Checking the skin for proper elasticity also can help identify early stages of dehydration.
Pull up the skin on the back of the hand, and if the skin does not return to its normal state within a second or two, the person is likely suffering from dehydration.
This is closely followed by decrease in urine output and chronic constipation. When the body is not properly flushing itself of toxins, these toxins can cause infections.
While the patients realize that these medications are diuretics, they often overlook their need to add more fluids to their daily diet as they take their prescribed medications, and this causes many of them to become dehydrated.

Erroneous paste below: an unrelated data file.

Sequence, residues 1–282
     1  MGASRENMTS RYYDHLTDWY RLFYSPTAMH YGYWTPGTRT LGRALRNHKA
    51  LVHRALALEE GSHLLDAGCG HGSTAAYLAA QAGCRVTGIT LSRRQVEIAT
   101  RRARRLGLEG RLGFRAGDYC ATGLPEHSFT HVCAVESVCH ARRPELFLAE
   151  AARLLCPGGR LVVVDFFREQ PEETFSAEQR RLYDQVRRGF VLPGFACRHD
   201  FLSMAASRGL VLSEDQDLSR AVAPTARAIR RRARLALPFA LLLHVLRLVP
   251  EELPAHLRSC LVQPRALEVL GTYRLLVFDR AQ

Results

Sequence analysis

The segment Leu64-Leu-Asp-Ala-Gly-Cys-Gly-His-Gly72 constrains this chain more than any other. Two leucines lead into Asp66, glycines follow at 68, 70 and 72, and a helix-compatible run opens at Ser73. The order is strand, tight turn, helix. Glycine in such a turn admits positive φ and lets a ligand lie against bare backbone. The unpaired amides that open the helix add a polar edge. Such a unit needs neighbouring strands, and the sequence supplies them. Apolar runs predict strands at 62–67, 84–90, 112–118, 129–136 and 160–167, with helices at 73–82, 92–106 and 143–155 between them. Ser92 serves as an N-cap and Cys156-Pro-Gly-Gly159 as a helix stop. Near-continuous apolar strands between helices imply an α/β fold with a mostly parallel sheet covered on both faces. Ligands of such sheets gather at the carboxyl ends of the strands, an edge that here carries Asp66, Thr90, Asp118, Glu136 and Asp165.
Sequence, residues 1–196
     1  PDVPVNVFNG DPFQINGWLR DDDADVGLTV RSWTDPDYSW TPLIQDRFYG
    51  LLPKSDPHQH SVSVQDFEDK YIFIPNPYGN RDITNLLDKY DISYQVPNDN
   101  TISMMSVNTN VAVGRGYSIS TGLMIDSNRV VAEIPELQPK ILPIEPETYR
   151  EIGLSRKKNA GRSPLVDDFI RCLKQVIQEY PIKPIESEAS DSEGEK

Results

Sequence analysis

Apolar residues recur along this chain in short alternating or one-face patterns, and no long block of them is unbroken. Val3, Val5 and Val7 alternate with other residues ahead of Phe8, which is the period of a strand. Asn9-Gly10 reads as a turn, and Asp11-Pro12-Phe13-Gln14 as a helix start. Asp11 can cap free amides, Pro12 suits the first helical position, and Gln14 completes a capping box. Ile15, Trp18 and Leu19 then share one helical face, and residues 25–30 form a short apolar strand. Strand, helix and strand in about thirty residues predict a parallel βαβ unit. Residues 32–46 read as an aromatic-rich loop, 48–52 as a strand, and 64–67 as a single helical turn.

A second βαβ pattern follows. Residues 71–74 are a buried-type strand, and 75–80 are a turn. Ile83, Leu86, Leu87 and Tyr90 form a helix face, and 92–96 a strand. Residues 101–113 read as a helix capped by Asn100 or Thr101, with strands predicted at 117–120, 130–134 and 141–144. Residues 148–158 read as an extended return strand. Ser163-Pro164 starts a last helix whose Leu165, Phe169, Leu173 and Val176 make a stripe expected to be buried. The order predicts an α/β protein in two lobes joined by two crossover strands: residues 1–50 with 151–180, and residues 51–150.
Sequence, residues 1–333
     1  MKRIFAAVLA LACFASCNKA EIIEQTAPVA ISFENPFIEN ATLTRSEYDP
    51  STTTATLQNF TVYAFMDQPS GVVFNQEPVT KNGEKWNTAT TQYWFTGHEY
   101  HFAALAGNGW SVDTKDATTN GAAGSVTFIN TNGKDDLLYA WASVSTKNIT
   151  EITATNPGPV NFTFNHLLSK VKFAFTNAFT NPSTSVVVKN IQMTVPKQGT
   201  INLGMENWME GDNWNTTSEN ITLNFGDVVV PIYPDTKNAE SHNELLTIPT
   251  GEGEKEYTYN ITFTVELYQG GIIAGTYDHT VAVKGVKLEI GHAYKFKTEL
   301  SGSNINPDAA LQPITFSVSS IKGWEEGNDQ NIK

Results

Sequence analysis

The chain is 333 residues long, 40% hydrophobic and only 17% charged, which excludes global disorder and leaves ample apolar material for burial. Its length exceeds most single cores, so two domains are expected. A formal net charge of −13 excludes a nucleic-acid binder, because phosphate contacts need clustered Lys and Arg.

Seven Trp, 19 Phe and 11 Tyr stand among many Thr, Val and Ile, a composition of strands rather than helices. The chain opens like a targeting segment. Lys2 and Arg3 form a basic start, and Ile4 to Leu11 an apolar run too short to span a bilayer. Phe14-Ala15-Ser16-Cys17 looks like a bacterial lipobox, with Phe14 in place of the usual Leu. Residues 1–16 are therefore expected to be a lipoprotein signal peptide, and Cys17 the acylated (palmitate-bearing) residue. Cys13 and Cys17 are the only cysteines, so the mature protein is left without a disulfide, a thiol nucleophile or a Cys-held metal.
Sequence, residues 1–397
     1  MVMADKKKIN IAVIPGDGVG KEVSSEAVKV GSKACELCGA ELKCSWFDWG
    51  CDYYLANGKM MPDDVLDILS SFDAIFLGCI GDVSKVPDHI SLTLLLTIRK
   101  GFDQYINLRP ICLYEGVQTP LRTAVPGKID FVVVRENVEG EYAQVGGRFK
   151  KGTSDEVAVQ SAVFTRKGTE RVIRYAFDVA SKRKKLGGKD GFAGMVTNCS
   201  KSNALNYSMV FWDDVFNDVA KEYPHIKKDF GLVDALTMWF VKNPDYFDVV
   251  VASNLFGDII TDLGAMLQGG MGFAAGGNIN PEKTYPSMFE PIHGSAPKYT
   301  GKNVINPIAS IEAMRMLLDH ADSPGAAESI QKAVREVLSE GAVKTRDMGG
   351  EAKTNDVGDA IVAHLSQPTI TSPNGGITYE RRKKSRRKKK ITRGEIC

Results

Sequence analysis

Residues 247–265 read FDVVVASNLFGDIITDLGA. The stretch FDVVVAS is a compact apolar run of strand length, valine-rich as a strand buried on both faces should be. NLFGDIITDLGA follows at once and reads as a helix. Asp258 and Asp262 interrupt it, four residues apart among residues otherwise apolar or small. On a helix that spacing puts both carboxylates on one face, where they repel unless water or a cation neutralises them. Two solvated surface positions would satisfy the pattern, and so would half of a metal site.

Sometimes people in advanced years who live on their own do not drink enough water or other fluids to maintain their health.
If possible, it is a good idea to take extra precautions during cold and flu season so your loved one does not get sick.
Another reason elderly persons become dehydrated is because of their medication.
Humans can only survive approximately four days without fluids. Unfortunately, each person’s hydration level is different.
Where one person may need 6-8 glasses of water every day to stay hydrated, someone else may only need 4-6 glasses of water.
Typically, an increase in their fluid intake will relieve these symptoms.
However, these two symptoms can be indications of a number of different conditions.
This can be for a variety of reasons, but a common reason is that deteriorating muscles make it more difficult for them to get up and move around, which discourages them from simply going into the kitchen for a glass of water.